I began the group by sharing my own painful testimony as a way to connect with the other women. I kept glancing over at Becca, continually praying for her, that God would give her courage to simply stay, for she was right where God wanted her to be. And she did. She stayed.

The second meeting was tougher. As the group members arrived, I could sense each woman laboring under the weight of her struggle. I began to feel my insecurity rise. Had I learned enough from my online group at Harvest USA to really think I could do this? Then I looked again, and I didn’t see Becca. I immediately thought her absence was due to something I said last week. I prayed, “Lord, please bring her back.” As I was praying, someone in the group who knew Becca well called her. “I am coming to pick you up. You need to be here as much as I do. You are not alone. We can walk this journey together, okay?” She wouldn’t take no for an answer, and she went and brought Becca in.

As we ended the lesson, everyone filed out the door except for Becca. She sat there, wanting to talk, but not sure where to start. I quietly sat down beside her and reminded her that this was a safe, confidential place where she could experience grace and healing rather than judgment. Her eyes leveled on me as she decided if she could trust me. She took a deep breath, and then it all rushed out—her story of abuse and heartache, of sin and poor decisions, of guilt and shame, loneliness and despair. As her tears flowed, so did the words that she had trapped inside for so long. Words that she had been afraid to share for fear of judgment.

She felt that no one could understand a story like hers, and if her story ever got out, she would be looked down upon, ostracized. But the story had to come out. She was disappearing inside of herself as she fiercely closed off this part of her life. As she spoke I could see her visibly lighten as she threw off the weight of her silence.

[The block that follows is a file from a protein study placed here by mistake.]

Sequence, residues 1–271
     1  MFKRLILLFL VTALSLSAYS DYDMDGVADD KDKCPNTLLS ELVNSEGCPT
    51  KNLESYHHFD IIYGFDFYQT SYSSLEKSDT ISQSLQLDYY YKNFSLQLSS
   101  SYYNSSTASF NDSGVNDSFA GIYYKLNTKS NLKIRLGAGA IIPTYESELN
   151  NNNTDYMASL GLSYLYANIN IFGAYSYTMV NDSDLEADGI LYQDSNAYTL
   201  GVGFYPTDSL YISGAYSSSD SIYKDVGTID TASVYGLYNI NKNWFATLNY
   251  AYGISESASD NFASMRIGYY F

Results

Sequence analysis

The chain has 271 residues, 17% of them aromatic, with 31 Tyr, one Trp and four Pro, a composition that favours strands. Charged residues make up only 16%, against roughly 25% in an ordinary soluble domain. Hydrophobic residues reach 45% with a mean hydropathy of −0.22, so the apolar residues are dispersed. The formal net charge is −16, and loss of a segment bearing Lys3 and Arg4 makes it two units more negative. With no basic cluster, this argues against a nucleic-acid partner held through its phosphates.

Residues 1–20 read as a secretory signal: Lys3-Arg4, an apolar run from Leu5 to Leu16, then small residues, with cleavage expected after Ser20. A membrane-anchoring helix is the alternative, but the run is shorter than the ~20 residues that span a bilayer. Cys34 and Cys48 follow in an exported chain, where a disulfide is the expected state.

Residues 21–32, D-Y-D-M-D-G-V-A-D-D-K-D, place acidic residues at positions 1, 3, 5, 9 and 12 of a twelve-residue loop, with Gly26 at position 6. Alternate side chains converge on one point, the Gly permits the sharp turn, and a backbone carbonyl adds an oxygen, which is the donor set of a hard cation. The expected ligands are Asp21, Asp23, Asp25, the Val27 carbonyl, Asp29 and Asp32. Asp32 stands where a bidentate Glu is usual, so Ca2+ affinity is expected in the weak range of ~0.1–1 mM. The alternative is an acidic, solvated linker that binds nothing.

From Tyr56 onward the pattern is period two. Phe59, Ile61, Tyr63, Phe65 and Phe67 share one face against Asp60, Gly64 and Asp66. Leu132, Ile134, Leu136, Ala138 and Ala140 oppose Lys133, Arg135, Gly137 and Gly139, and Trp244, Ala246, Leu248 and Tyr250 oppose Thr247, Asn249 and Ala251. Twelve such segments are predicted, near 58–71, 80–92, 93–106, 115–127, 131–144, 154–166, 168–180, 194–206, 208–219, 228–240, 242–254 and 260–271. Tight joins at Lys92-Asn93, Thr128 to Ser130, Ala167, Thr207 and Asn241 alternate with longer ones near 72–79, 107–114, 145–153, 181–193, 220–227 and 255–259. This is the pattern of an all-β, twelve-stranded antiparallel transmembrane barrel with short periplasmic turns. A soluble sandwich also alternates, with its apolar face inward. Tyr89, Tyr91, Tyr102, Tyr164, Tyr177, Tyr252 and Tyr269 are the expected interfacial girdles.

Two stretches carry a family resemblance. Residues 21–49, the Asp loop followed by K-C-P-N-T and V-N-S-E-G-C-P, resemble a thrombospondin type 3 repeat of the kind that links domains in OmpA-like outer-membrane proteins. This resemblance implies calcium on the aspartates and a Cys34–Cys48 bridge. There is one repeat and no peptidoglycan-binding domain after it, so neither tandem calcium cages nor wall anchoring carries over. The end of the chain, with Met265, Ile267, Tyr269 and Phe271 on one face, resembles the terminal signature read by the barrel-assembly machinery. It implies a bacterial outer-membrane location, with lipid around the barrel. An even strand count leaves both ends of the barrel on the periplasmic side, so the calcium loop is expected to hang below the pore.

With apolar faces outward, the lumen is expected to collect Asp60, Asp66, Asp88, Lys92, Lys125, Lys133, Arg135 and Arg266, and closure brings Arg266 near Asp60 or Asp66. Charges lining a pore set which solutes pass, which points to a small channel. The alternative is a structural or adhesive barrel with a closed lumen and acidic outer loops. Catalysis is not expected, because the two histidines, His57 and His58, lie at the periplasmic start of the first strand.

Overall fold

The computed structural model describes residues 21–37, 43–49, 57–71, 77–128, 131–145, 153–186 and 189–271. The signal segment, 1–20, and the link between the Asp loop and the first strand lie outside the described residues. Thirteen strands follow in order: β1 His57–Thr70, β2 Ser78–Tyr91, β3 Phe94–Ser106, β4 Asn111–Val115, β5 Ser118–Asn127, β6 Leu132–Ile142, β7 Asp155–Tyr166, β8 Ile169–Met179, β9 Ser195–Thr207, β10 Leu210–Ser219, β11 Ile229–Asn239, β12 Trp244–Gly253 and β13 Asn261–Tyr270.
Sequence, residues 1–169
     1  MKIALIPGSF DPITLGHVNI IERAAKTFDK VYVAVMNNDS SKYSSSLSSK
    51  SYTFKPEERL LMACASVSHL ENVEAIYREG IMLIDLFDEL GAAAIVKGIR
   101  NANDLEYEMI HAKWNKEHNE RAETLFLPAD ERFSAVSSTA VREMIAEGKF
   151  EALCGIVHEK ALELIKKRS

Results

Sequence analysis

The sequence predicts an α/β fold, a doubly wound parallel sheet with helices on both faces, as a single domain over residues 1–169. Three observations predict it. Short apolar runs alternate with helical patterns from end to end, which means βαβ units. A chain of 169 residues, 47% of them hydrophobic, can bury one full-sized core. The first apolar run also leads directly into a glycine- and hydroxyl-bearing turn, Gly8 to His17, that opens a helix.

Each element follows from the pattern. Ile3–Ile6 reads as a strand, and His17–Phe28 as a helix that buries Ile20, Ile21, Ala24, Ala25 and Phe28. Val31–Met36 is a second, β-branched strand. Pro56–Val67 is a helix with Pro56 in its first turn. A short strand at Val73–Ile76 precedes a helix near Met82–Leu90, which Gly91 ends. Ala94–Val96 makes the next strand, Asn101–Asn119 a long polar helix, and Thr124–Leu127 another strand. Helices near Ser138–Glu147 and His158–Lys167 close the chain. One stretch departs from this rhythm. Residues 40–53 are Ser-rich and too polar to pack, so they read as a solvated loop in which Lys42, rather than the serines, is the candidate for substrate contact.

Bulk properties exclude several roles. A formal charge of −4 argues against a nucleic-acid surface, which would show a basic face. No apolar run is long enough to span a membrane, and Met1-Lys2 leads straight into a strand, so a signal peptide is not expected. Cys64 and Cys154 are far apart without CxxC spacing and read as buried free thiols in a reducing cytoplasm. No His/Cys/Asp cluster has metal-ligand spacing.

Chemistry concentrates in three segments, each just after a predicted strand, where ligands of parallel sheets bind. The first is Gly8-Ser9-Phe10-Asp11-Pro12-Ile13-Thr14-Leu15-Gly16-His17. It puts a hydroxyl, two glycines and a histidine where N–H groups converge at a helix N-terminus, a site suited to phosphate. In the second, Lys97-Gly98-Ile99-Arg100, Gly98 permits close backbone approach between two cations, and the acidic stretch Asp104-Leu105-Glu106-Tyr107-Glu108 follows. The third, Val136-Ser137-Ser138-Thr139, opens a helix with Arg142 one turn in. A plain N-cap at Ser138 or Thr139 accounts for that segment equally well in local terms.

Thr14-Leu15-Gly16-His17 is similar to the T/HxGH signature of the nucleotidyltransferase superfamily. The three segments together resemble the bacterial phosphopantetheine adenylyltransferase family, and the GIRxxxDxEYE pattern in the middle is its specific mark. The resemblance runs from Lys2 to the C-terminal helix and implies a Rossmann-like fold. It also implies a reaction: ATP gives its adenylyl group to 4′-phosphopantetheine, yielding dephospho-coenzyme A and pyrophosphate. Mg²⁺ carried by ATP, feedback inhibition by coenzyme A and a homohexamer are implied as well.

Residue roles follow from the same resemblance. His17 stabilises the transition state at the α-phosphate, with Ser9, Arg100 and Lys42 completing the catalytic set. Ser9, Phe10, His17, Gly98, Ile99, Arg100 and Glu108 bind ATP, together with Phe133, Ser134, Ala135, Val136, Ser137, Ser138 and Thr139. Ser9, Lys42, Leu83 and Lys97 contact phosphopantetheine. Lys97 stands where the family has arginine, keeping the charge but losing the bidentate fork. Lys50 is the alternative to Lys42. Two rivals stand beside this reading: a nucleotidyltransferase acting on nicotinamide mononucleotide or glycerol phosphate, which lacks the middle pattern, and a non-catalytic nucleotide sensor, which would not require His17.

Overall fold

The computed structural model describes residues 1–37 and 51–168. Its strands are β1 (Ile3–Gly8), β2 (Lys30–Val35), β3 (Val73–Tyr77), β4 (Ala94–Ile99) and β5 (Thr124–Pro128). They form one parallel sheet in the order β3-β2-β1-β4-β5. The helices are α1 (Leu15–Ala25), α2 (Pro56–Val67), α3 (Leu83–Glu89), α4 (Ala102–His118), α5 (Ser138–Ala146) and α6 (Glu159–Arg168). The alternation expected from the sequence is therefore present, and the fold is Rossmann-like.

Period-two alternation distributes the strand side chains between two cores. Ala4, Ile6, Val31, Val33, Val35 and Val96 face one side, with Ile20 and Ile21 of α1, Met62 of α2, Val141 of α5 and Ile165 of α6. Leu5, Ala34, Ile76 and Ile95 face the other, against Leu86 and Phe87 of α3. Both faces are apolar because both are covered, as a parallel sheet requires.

As she ended, her eyes searched mine for some sort of response. Through my own tears, I thanked her for being courageous enough to open up. I told her that, yes, her story was one of sin and sorrow, but it was also one of redemption and change, and that God was already touching her heart, helping her to lay down her experiences at the foot of the cross. I also planted the seed that maybe, just maybe, God would bring her to a place where, one day, she could share with other women struggling in the darkness of their hidden shame.

Little did I know that God would open up that opportunity so soon.

A few days later I got a call. A woman in a small group with whom I had been meeting for over a year had something to tell me. The group was stagnant, meeting more out of obligation than out of a desire to grow together. But something unexpected happened that breathed new life into the group. Becca, the quietest one there, told the group, men and women, that she felt she should share something with all of them. She felt moved to open up to them about portions of her past and present struggles in life.

Becca’s courage to speak ignited an atmosphere of trust and safety in the group. It would never be the same. Over time, every person in the group opened up about their own struggles. And just like that, the group was transformed from a purposeless group of individuals to a close-knit body of believers, joined together to glorify God in the midst of their struggles.

Of course, there is still much healing to be accomplished in Becca’s life. But she is an inspiration to us about the power of God to redeem and change broken people, which is all of us, if only we would be courageous enough to be honest with God and others.

This testimony came from one of Ellen Dykas’ participants in our online training for mentor and group leader classes. For information on what these training classes offer, contact Brooke Delaney at [email protected].